made of solid, edge-laminated
common alder; but this elegant,
pared down minimalism could
prove inhospitable during long
church services. The chapel’s
loadbearing structure consists of
tapering ribs of laminated pine

1
ST HENRY ’S ECUMENICAL ART The wide windows at the
front of the chapel light up
CHAPEL , T URKU , F INLAND the altar. The copper cladding
will take on a green patina
ARCHITECT in time.
66 | 10 SANAKSENAHO A RCHITECTS 67 | 10
two metres apart. Between these
ribs is a curved interior lining
of 100mm wide, untreated pine
boarding. At the moment this is
very light, but with time the tone
will deepen to a reddish hue. The
pine ribs are lit by spotlights.
The floorboards are 200mm
wide, 50mm thick pine planks
and run parallel to the axis of
the space. These have been
waxed to create a clicking sound
when walked on, reminiscent of
the floors of old churches. The
patinated altar is the last public
work by academician and sculptor
Kain Tapper. In the altar window
an artwork by Hannu Konola
filters light onto the altar wall.
Matti Senaksenaho continues
the distinguished legacy of the
Finnish church architecture of
Engel, Aalto, Sonck, Bryggman and
more recently of Juha Leiviskä in
his luminous churches in Myrrmäki
and in Männistö (ARs June 1987
and June 1994). JULIA DAWSON

Architect
Sanaksenaho Architects, Helsinki
Project architect
Matti Sanaksenaho
Photographs
2 Jussi Tiainen

ST HENRY ’S ECUMENICAL A RT
CHAPEL , T URKU , F INLAND
ARCHITECT
SANAKSENAHO A RCHITECTS

2
The chapel, rising from its hillock,
is reminiscent of an upturned
hull, or, more prosaically, an
upright iron. plan
3
Looking towards the simple altar,
illuminated by natural light from
side windows.

68 | 10 cross section long section 3 69 | 10


AKADEMIE DER KÜNSTE ,
BERLIN , G ERMANY
ARCHITECT
BEHNISCH & PARTNER

HISTORY
AND
MEMORY
One of Berlin’s great
cultural institutions
has been imaginatively
remodelled to connect
with the life of the city.

1
The great
glazed facade
of the new
Akademie der
Künste speaks
of a welcoming
sociability,
binding the life
of surrounding
Pariser Platz
to the life of
60 | 11 the institution. 61 | 11
2

AKADEMIE DER KÜNSTE ,


BERLIN , G ERMANY
ARCHITECT
BEHNISCH & PARTNER 3

The Akademie der Künste is a bit like the British Royal Academy except typical: it used the existing three-storey Arnim Palace for offices and
that it involves a larger spectrum of arts, including literature, theatre, meeting rooms, then filled the garden to the back with a large block of
film and dance as well as painting, sculpture and architecture, and that it top-lit exhibition halls, leaving only a narrow open space next to each
draws its membership – currently 370 persons – from an international party wall. After the destruction of 1945 and subsequent clearing of
field. Founded in 1696 under royal patronage, it had various homes debris, these exhibition halls – protected by flanking rooms added by
until 1907, when it took over the former Arnim Palace at the corner of Speer – were the only remains of the former square apart from the gate.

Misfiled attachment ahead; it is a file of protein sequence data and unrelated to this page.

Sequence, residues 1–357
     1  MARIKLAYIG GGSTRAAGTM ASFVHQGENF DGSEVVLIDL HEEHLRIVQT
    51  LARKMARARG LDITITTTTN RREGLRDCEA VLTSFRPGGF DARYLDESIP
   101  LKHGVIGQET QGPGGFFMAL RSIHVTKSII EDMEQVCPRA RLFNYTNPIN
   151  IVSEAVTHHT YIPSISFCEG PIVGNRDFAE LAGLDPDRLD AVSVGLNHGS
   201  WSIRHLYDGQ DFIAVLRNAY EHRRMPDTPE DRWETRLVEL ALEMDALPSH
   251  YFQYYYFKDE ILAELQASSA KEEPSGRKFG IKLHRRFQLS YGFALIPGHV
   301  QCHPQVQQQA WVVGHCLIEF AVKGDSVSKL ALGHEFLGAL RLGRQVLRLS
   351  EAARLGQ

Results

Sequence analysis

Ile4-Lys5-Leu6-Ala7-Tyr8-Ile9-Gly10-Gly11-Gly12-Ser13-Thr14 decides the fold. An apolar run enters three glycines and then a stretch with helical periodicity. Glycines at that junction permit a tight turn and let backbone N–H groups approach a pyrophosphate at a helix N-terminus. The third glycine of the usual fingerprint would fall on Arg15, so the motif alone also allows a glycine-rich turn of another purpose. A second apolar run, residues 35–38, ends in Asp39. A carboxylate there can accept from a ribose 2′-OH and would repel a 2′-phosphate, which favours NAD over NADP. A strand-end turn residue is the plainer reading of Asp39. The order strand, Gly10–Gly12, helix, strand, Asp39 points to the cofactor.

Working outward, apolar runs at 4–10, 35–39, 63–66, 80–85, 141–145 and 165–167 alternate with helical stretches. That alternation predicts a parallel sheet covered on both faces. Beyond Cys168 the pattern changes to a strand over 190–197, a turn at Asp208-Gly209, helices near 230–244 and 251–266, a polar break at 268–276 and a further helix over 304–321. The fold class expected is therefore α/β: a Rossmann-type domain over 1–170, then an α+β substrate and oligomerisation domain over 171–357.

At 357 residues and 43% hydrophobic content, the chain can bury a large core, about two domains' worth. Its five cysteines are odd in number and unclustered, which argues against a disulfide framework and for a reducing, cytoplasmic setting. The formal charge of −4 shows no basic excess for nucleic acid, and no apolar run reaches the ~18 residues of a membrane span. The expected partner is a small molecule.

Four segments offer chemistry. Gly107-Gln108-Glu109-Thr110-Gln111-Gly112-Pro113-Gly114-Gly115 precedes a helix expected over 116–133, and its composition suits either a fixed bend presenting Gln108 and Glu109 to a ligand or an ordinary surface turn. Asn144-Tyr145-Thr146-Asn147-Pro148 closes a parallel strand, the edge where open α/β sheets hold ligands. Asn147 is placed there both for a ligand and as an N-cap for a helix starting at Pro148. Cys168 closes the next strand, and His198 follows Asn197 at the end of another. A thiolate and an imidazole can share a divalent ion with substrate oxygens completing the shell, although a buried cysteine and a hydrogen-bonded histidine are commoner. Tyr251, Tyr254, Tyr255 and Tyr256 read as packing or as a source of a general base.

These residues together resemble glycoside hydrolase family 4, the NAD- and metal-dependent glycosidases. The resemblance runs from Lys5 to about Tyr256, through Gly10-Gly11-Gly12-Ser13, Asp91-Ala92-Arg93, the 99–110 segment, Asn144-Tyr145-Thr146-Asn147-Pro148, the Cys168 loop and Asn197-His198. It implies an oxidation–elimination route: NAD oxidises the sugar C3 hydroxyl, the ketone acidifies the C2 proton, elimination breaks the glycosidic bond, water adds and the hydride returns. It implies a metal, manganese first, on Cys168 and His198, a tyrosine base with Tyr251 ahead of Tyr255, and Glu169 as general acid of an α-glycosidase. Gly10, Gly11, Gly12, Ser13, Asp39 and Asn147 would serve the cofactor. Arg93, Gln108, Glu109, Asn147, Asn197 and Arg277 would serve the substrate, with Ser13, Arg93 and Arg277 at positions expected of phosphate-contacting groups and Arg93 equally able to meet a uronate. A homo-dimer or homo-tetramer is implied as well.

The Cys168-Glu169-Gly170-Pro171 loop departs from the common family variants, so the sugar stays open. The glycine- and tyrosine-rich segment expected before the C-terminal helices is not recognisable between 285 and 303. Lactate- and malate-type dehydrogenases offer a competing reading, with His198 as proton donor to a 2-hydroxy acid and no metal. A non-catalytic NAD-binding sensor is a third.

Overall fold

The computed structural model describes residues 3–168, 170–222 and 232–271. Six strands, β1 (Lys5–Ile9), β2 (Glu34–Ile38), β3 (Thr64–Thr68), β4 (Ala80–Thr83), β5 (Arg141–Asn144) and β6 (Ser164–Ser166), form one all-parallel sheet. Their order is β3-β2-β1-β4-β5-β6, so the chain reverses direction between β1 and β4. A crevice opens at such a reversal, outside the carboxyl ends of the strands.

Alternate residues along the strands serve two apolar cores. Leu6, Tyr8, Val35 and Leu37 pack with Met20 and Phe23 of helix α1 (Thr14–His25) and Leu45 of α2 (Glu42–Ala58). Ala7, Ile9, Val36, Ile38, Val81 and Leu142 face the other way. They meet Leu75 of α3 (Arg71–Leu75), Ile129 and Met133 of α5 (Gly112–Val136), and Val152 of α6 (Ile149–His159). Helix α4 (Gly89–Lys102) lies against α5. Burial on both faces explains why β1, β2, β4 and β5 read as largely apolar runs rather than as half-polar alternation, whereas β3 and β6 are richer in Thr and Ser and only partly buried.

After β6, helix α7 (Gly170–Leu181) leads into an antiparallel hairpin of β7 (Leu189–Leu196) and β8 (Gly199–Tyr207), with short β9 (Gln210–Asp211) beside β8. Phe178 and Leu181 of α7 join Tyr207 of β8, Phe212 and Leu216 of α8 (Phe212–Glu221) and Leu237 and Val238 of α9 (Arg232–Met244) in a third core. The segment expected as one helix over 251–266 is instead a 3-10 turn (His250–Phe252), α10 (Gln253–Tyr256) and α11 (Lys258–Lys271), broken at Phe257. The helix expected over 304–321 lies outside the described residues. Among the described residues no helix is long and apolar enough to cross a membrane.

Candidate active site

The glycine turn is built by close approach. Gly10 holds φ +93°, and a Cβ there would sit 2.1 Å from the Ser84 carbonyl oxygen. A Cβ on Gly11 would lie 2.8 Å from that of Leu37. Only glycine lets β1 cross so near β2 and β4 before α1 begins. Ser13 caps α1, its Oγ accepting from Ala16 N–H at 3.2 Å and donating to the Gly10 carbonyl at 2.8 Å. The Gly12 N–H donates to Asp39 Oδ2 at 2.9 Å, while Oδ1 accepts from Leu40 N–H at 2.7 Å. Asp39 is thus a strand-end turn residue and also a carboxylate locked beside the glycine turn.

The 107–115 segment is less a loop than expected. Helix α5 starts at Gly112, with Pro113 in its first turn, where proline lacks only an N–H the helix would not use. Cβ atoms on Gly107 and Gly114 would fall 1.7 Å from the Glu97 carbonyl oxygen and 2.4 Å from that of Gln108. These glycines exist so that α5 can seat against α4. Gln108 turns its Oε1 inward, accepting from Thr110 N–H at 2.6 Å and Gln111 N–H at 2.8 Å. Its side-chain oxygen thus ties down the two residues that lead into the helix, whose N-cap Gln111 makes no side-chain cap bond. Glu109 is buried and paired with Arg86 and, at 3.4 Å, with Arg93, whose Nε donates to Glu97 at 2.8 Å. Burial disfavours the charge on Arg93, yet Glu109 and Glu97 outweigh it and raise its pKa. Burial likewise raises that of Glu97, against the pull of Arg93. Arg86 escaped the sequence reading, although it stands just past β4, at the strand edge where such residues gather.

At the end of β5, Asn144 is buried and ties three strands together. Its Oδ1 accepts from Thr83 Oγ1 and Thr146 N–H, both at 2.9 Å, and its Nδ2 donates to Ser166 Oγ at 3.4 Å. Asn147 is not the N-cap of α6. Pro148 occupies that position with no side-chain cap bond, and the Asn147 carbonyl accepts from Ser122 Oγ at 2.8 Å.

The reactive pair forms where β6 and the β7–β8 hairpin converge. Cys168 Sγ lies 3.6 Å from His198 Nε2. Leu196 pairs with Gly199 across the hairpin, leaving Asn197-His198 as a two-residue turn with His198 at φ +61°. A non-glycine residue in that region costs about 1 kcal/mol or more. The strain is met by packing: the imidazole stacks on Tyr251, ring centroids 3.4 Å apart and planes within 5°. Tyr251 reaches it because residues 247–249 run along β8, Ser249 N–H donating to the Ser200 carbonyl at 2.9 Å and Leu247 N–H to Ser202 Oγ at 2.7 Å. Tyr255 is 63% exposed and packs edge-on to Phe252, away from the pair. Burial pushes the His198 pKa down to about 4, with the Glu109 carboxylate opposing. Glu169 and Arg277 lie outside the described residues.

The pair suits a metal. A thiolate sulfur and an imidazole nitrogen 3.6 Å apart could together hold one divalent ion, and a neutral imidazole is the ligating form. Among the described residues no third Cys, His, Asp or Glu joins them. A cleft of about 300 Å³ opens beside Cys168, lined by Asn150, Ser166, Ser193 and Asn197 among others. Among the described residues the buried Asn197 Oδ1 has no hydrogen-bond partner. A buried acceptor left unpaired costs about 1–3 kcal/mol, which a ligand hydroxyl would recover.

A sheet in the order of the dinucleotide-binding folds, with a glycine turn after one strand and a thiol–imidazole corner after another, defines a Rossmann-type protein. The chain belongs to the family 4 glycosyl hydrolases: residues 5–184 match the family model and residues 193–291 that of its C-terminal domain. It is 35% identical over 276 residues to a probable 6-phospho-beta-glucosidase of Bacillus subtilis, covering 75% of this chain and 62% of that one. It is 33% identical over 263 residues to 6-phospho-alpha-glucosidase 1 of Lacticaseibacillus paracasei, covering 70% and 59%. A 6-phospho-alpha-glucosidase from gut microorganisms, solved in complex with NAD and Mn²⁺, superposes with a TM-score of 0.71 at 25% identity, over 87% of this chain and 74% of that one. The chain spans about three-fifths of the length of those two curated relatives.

Pariser Platz. In this central location, on Berlin’s east-west axis between To maintain historical continuity and memory of the institution it was
Unter den Linden and the Brandenburg Gate, it grew and flourished until desirable to keep at least some of these exhibition rooms, and now that
1937, when the arts were ousted in favour of Albert Speer’s office for the art often consists of installations and performances rather than painting,
replanning of ‘Germania’. By the end of the War much of the building had artists seem to prefer a dialogue with an existing place rather than being
been destroyed, and as Pariser Platz lay close to the Wall of 1961 on the framed inescapably by the white room of the architect. But retention of
Eastern side, it was reduced to a station for border guards. the old chain of rooms was not easy. Taking more than half the length
Meanwhile, revived academies grew up in new homes separately in of the site, they ran down the middle, and their roof lights required
the East and West sectors of the city, the Western one in a building by void overhead. With its many departments, meeting spaces, offices, and
Düttmann in the Hansaviertel. Only after reunification in 1989 could a archives, the Akademie constituted quite a large programme, constrained
return to the original home be entertained, and only through combining by party walls each side, building lines to front and rear, and a height limit
the East and West academies could it be achieved. The members respecting the Brandenburg Gate. The site could have been filled with
overcame their differences and accepted the necessary reduction in artificially lit and air-conditioned floors like a huge open-plan office, but
numbers, so by 1993 a decision had been made to return to the old site. to meet the accommodation requirements in a civilised way, giving people
State funding was promised, a brief was drawn up, and a limited daylight, views, air and visible spatial progressions, demanded ingenious
competition was opened to the internationally distinguished architect exploitation of every opportunity for trans